Election 97: PRWeek’s panel of experts give their view on who’s winning the battle of political spin

John Underwood, senior partner Clear Communication and former director of communications for the Labour Party.

John Underwood, senior partner Clear Communication and former

director of communications for the Labour Party.

Another disastrous week for the Tories. For a short period it looked as

if they might have Labour on the ropes over its trade union proposals

but the resignation of Tim Smith, allegations surrounding Piers Merchant

and the departure of key Tories in Scotland saw the media refocus on the

one big issue of the campaign so far - sleaze. John Major seems unable

to give a simple answer to the question ’is it acceptable for MPs to

take bribes?’ and Labour were the clear winners in the ’agenda war’.

As the campaign moves into top gear perhaps the biggest threat to Labour

is that journalists abhor an inevitable outcome. In their desire to

generate a ’horse race’ they may begin to talk up the Tories’ chances.

Watch out for a shift away from sleaze towards more positive campaigning

with poster campaigns and party political broadcasts beginning in


Verdict: Week two to Labour. Surely it can’t get any worse for the

Tories ... can it?

Hugh Colver, public affairs consultant and former director of

communications for the Conservative Party.

The lesson for the Conservatives is a simple one - familiar to everyone

in our business. If you have a powerful brand, accustomed to a position

of leadership in its market, you control the way the brand image is used

and you nurture its position with great care.

Think of the Labour Party in the political market only a few years ago -

losing market share, with a product that did not find favour with its

customers. By any standards in serious trouble and sinking fast. Neil

Kinnock moved to reorganise and reposition, but he had too much

emotional attachment to the origins of the product. So Tony Blair

changed the people, changed the image, and appeared to change the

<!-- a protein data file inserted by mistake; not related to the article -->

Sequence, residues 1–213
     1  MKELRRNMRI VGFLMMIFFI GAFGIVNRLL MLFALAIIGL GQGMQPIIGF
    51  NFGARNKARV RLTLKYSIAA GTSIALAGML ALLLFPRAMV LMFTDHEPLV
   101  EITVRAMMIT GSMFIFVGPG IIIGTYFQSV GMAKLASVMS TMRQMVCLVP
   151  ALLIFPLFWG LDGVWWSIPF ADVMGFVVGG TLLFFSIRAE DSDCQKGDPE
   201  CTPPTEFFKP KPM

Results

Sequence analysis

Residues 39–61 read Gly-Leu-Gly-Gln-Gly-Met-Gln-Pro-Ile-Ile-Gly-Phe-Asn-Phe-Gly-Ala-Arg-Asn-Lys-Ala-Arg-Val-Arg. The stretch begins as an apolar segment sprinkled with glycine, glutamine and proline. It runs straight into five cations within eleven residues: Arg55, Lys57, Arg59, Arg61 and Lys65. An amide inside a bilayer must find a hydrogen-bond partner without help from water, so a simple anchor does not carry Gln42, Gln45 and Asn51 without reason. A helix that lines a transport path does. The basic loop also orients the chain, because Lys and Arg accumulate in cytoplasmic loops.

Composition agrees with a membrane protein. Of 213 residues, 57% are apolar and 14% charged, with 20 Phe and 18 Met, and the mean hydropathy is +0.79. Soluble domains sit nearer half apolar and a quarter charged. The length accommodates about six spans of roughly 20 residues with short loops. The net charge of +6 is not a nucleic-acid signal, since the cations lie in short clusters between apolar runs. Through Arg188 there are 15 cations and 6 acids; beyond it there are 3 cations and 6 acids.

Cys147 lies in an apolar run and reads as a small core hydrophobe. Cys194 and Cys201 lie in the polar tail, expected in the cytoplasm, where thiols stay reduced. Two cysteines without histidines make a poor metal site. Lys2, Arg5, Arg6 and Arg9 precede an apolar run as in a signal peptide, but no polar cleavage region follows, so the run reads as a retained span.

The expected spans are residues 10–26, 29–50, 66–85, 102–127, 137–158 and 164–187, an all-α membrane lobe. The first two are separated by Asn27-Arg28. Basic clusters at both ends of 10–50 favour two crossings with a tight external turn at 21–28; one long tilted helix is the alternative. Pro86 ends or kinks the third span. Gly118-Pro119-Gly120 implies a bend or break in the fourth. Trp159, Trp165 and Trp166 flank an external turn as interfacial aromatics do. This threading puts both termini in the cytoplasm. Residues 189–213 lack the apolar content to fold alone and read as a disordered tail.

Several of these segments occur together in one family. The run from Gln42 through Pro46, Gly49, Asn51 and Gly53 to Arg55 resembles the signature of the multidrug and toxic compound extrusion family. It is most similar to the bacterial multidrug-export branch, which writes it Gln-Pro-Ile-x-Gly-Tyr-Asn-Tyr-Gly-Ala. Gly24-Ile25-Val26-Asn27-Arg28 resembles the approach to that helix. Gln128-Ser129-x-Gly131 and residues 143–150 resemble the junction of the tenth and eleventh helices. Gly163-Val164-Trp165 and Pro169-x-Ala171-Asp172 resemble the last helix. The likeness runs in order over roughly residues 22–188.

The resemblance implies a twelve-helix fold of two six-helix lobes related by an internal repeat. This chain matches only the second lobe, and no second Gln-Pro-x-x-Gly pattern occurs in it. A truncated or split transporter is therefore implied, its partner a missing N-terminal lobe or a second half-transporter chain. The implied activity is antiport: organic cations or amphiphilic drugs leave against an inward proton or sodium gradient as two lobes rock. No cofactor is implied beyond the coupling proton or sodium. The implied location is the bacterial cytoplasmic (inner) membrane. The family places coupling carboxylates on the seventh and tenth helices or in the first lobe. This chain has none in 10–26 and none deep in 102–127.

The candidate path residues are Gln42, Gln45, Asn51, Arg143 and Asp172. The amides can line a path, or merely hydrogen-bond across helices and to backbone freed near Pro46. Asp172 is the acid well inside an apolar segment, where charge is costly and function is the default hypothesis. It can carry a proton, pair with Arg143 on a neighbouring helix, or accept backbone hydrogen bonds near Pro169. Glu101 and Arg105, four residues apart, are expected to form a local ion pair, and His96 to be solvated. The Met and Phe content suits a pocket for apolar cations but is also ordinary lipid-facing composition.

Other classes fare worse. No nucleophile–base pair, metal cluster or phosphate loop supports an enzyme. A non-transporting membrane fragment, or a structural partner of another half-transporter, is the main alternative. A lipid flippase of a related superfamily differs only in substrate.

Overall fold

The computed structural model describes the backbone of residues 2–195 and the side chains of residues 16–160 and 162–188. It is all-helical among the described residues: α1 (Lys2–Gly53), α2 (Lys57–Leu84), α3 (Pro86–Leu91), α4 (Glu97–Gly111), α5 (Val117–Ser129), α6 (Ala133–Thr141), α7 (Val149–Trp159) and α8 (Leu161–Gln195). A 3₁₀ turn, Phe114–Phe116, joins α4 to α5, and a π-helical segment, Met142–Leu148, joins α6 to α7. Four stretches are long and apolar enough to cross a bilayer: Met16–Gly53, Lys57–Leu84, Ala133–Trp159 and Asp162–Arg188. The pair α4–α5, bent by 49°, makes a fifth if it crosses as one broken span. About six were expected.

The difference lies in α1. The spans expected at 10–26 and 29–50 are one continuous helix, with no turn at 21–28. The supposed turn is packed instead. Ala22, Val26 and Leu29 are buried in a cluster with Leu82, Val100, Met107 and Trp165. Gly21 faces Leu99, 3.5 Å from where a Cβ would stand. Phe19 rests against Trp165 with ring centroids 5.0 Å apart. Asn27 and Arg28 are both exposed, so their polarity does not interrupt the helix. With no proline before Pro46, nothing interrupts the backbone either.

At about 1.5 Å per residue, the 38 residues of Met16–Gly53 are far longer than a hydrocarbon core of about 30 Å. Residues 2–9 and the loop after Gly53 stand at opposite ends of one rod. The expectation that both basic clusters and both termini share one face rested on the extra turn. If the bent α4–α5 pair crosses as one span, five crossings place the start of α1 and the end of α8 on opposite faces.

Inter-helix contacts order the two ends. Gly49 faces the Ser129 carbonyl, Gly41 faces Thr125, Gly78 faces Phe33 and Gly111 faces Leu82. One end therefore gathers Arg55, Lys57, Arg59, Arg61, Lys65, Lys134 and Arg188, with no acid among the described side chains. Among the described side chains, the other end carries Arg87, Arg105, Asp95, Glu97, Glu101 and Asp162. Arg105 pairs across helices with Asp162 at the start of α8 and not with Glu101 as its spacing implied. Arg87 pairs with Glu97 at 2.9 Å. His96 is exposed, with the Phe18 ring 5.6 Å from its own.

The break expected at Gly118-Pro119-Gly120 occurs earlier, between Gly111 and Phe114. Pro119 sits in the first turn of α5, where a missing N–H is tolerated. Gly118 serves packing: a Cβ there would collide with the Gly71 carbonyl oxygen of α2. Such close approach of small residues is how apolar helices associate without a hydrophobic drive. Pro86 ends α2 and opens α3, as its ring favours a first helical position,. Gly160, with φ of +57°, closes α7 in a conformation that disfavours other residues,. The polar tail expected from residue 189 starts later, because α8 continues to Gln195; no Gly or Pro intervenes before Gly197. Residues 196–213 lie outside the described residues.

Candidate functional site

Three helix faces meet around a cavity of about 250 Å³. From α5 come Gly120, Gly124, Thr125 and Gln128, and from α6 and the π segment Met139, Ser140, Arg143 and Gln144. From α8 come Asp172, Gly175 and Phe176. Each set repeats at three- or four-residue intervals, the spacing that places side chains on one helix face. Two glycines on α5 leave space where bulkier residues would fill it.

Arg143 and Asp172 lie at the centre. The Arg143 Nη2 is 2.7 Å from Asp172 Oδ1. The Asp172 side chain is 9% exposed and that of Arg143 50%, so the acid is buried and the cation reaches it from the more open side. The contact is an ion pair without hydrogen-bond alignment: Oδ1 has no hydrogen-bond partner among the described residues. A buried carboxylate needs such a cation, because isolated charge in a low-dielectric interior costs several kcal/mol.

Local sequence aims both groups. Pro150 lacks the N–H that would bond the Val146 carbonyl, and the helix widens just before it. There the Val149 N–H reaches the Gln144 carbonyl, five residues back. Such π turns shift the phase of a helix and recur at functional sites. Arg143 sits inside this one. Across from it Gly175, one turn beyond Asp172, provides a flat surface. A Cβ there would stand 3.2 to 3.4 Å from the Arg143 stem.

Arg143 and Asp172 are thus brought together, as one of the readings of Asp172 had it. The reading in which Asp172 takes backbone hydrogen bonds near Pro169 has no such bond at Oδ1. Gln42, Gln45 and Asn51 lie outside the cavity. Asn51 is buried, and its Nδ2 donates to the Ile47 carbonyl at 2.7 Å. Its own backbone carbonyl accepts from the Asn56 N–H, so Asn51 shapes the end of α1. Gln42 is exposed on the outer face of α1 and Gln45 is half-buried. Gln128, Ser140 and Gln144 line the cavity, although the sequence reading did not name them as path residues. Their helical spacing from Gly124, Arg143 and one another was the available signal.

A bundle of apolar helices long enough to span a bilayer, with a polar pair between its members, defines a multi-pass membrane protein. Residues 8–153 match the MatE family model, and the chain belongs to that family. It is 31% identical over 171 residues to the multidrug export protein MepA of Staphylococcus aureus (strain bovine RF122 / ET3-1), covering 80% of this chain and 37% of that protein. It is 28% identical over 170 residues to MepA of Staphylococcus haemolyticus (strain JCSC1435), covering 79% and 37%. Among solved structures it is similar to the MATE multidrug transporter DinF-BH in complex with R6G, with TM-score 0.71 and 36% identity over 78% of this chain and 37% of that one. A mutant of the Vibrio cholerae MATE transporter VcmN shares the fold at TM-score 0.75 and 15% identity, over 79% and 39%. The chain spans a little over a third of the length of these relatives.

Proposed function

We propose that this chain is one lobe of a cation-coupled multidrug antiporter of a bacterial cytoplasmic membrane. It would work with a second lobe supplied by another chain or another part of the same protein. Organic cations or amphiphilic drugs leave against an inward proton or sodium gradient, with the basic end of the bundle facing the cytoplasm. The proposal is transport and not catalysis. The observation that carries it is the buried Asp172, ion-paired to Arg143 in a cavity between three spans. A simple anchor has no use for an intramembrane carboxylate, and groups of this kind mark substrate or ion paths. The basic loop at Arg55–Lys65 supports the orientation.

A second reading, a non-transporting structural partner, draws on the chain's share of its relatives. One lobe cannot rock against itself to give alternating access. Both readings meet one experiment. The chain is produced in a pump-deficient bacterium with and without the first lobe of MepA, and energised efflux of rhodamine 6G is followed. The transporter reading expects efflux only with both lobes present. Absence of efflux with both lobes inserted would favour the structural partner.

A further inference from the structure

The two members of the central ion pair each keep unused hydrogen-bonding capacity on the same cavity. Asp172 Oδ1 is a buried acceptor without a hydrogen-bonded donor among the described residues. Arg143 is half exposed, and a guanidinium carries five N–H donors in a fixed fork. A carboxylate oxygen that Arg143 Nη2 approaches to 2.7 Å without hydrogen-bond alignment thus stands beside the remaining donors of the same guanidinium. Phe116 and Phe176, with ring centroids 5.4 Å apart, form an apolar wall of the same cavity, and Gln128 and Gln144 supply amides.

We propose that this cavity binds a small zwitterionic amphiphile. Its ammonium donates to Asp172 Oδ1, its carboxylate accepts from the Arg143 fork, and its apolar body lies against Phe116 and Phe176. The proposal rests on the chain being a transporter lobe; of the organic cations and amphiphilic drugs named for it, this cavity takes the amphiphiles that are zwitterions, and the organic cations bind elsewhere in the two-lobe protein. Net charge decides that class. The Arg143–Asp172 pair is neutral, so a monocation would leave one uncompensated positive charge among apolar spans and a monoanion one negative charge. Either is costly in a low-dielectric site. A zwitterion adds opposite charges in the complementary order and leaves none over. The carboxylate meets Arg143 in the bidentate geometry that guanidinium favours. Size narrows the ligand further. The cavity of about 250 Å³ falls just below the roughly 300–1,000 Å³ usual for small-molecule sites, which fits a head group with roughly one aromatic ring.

This past week has proved that the Tories need to take ruthless


Single-minded brand promotion is lacking. The marketing team out at the

extremities of the organisation has lost the message. They should be

told to go and spend more time with their families. The brand will only

recapture its market if it reasserts itself.

Verdict: Week two to Labour by default

Olly Grender, director of communications for Shelter and former director

of communications for the Liberal Democrats

If the Conservatives are to make any impact in this campaign they must

get sleaze off the agenda. The word now covers a multitude of sins from

’cash for questions’ to sexual peccadilloes. They should ignore the

latter and concentrate on answering allegations of corruption.

Central Office should have one team dealing with sleaze while the main

team concentrates on keeping the campaign ’on message’. It is also now

in the interests of both the opposition parties to move on to issues

that mean something to people, like taxes, education, health and


Any other strategy will devalue the currency of politics and risk a low


As the poster campaign starts to hot up there is such confusion that I

pity anyone not addicted to politics. Labour announces that ’Britain

deserves better’ as the Tories proclaim that ’Britain is booming’. And

who is this friend of Tony Blair called Bill? This is all a far cry from

’Tax bombshell’ and ’You can’t trust Labour’. Spotting the coherent

message is like mission impossible.

Verdict: Winners - anyone who’d rather discuss politicians and sex than


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